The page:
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Linux vs. SCO—A Foregone Conclusion

Jim Ready

Issue #118, February 2004

Failure to embrace disruptive technology leads to bad behavior and worse business.

When a disruptive technology appears in an existing marketplace, established players initially take pains, ostrich-like, to ignore it. Disruptive technologies usually start out as underpowered or as answers in search of a question, making it easy to belittle and discount the interloper. However, once a disruptive technology gains traction and starts making in-roads to established territory, the powers-that-be wake to the fact with one of two responses—they either embrace the disrupter or attempt to crush it.

Linux is a disruptive technology par excellence. Linux began its life as a hobbyist novelty and a graduate school project. Even after it made its way into the world over the Internet, it lagged behind UNIX systems in terms of capabilities, documentation, support and the ability to leverage the hardware platforms on which it ran. What made (and still makes) Linux disruptive is that it works. The open-source development model, incremental but steady as the proverbial tortoise, relentlessly advanced the GNU/Linux operating system and tools to reach and then surpass the startled proprietary hare. The cooperative spirit of the Open Source community and the assurances provided by licenses such as the GPL, LGPL, BSD copyright, NPL/MPL and others help prevent the fragmentation endemic in proprietary UNIX and provide the legal basis for the open-source process.

The divide between the powers that embrace Linux and those that would crush it is wide and deep. Long-standing leaders, such as IBM, HP and Oracle, had the vision to build new businesses with and on the Linux platform, despite or because of their investment in proprietary software, including proprietary UNIX. Foremost in the opposite camp is of course Microsoft, longtime foe of UNIX and natural-born enemy of Linux, for both its open pedigree and the open-source model.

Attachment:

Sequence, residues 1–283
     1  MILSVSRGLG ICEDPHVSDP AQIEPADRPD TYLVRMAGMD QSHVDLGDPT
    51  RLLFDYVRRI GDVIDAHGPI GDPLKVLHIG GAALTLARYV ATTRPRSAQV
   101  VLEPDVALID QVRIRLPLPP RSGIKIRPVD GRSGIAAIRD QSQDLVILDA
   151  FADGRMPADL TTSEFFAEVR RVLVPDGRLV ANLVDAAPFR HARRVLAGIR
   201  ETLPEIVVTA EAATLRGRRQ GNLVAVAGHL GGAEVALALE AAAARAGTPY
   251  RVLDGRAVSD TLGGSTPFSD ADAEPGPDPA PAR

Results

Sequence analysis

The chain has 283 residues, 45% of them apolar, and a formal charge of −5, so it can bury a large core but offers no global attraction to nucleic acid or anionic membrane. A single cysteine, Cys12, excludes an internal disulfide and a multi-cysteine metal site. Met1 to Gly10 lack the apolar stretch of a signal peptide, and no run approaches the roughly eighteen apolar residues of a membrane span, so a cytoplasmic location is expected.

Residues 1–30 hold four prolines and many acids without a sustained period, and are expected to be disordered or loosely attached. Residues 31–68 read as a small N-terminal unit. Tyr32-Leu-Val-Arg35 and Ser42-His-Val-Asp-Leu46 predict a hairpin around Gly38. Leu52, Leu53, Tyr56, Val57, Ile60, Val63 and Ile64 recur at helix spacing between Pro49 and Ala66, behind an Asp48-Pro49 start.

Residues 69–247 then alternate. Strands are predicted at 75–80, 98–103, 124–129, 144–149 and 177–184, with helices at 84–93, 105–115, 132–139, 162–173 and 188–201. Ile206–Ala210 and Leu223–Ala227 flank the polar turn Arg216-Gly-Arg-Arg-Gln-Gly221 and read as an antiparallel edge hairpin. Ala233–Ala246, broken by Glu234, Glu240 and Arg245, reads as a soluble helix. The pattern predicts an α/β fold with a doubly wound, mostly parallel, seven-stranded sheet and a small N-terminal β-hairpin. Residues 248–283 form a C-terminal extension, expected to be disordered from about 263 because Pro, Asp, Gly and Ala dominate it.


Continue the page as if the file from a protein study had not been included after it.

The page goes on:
Poor misguided SCO meanders somewhere in the chasm between the two extremes. The SCO Group, reborn from Linux distributor Caldera and reminted with the SCO name, now feels rejected as its base of UNIX licensees migrate to Linux. With its claims against IBM and attempt to extort monies from Linux users, SCO is trying to turn Caldera's earlier enthusiastic embrace into a crushing clinch.

Outpaced technology companies have a long and sorry tradition of seeking in court what they cannot achieve in the open marketplace. Legal remedy in lieu of a successful business strategy always invokes the doctrine of unintended consequences. SCO's attempts to recover lost business from IBM AIX royalties will lead IBM and other licensees only to curtail their already declining proprietary UNIX shipments. Attempting to extract license fees from enterprise Linux users and embedded Linux deployers may delay Linux deployment in the short term, thereby stalling SCO's attempt to generate license revenues.

Self-deception is a typical response to disruptive technology. SCO's stated Linux Licensing Fees of $699 US for enterprise use and $32 US for embedded deployment represent a fantasy worldview that is out of line with the pricing and practices of both markets. On the enterprise side, this tidy sum is twice what Microsoft demands for its Windows products in comparable applications. For embedded systems, the SCO invoice outstrips typical low-volume royalties by a factor of at least three and is several orders of magnitude more for high-volume shipments in consumer electronics applications. For enterprise, the SCO fee quickly would exhaust available IT budgets; for embedded, it would overwhelm already slim margins on devices with bills of materials in the key $50–$200 US range.

None of these legal machinations would enhance the position of SCO UNIX one bit, nor would they garner Darl McBride any new Linux-based revenues. In SCO's imagined universe, where it prevails in the IBM suit or in its Linux licensing campaign, SCO still loses—does SCO imagine that it could capture, wound or even kill Linux as a commercial platform? It ain't gonna happen. A stuffed penguin in McBride's den would not lay any more golden eggs. Angry enterprise and embedded Linux users would not turn around and license SCO UNIX—it offers no technological advantage over Linux, even in high-end systems, and is completely inappropriate for embedded applications. Serious developers and users would wish a plague upon both SCO UNIX and SCO-licensed Linux. Diehards would stick with Linux and help to create a version scrubbed of any SCO detritus. Lesser souls might migrate to BSD or even end up in the clutches of Microsoft. None of these scenarios helps SCO, whose licensing-based revenue fantasy then reveals itself as a nightmare, first and foremost for SCO itself.

McBride and company need to realize that in the long term, SCO's claims would ensure that all SCO code, whether (temporarily) in Linux or in SCO UNIX, becomes untouchable and unmarketable, in any form.

So, McBride, Boies, et al. —go ahead, continue gunning for Linux and open source. Ready. Aim. Shoot yourself in the foot. Then, please hobble out of the way. Some of us are trying to do business.

James Ready is president and CEO of MontaVista Software, Inc., and has more than 25 years of technical and entrepreneurial experience. Cofounder of Ready Systems, he pioneered the development of the first commercially viable, real-time operating system (RTOS) product—the VRTX real-time kernel.

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